Ranking Digital Rights Spotlights Corporate Practices Around Privacy, Freedom of Expression

New ‘Corporate Accountability Index’ finds many of the world's most powerful Internet and telecommunications companies fail to disclose key information about practices affecting users’ rights

NEW YORK CITY – Many of the world’s most powerful Internet and telecommunications companies are not doing enough to respect basic user rights, according to new research released today. Even the companies that ranked highest are missing the mark in some ways, and improvements are needed across the board to demonstrate a greater commitment to users’ freedom of expression and privacy.  

In their first annual Corporate Accountability Index, Ranking Digital Rights analyzed a representative group of 16 companies that collectively hold the power to shape the digital lives of billions of people across the globe. Leading global ESG research and ratings provider, Sustainalytics, co-developed the methodology.

Eight publicly listed Internet companies and eight publicly listed telecommunications companies were selected based on factors including geographic reach and diversity, user base, company size, and market share. These companies were assessed on 31 indicators across three categories – commitment, freedom of expression, and privacy – drawn heavily from international human rights frameworks, as well as emerging and established global principles for privacy and freedom of expression.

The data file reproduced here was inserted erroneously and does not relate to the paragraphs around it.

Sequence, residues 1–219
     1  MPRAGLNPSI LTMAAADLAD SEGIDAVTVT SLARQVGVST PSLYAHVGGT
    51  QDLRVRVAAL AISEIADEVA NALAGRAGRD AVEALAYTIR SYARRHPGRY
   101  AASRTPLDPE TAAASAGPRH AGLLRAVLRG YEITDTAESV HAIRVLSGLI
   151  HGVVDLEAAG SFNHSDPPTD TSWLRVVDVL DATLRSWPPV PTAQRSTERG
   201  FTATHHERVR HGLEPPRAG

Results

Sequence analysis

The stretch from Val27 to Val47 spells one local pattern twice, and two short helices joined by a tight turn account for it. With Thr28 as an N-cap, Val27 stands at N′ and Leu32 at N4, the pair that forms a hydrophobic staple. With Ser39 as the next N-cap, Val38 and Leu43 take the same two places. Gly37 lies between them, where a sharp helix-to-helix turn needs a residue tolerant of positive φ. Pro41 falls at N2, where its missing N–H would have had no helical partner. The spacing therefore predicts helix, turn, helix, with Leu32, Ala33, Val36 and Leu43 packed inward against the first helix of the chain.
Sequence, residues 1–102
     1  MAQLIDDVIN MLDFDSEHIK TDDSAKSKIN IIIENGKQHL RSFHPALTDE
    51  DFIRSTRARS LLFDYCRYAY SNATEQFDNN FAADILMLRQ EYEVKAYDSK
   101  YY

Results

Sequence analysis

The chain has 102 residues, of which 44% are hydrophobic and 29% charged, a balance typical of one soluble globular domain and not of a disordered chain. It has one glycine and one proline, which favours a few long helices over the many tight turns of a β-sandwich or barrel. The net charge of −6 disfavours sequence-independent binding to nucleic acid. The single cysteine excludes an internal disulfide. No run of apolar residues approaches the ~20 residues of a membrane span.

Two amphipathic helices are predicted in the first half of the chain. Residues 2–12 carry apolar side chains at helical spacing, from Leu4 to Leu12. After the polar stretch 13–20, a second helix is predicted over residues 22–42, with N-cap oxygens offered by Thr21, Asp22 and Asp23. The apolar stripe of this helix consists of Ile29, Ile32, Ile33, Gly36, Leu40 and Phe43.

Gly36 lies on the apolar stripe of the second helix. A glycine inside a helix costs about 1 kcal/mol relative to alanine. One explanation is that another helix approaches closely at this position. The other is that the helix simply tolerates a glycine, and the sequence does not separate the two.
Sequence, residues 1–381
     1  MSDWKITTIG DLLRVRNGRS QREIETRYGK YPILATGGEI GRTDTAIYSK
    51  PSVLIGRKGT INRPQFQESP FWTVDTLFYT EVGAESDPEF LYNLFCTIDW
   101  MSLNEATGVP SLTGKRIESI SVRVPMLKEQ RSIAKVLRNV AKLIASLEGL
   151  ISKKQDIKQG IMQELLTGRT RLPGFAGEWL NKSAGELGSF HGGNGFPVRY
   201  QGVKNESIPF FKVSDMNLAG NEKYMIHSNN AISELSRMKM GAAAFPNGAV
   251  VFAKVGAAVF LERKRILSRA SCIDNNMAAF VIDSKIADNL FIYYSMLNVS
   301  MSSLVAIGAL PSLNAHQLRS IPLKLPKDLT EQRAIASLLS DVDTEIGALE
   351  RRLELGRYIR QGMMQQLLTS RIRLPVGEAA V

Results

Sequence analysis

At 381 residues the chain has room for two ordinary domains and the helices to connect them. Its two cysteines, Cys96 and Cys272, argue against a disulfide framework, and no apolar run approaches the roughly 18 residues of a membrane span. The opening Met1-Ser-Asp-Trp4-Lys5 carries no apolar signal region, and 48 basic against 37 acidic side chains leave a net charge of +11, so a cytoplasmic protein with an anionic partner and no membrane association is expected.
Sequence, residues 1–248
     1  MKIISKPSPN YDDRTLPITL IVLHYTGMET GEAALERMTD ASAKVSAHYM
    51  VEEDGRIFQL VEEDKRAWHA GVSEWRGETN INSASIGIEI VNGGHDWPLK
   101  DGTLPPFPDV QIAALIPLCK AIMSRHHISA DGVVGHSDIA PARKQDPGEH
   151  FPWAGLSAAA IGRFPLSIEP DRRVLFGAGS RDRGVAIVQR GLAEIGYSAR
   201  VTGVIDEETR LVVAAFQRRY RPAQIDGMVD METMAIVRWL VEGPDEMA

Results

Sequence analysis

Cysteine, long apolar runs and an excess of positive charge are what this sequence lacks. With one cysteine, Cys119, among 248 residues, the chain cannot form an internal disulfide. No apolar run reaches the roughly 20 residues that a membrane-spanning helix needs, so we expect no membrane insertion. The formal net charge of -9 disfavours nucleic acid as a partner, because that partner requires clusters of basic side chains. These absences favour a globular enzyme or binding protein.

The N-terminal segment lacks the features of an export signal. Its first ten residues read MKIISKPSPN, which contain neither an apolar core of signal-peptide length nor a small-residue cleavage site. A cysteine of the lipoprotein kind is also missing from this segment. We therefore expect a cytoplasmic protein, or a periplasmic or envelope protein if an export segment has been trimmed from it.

The research revealed a deep need for improvement:

  • Only six companies scored at least 50 percent of the total possible points;

  • The overall highest score was only 65 percent;

  • Nearly half the companies in the Index scored less than 25 percent, showing a serious deficit of respect for users’ freedom of expression and privacy.

Overall, Google ranked highest among Internet companies, while the U.K.-based Vodafone ranked highest among telecommunications companies, despite significant deficiencies.

“When we put the rankings in perspective, it’s clear there are no winners,” said Rebecca MacKinnon, director of Ranking Digital Rights. “Our hope is that the Index will lead to greater corporate transparency, which can empower users to make more informed decisions about how they use technology.”

The Corporate Accountability Index allows users, investors, activists, and policymakers to compare how – and whether – Internet and telecommunications companies are making tangible efforts to respect digital rights. Among the key findings:

  • Disclosure about collection, use, sharing, and retention of user information is poor. Even companies that make efforts to publish such information still fail to communicate clearly with users about what is collected about them, with whom it is shared, under what circumstances, and how long the information is kept.

  • Disclosure about private and self-regulatory processes is minimal and ambiguous at best, and often non-existent. Few companies disclose data about private third-party requests to remove or restrict content or to share user information – even when those requests come under circumstances such as a court order or subpoena.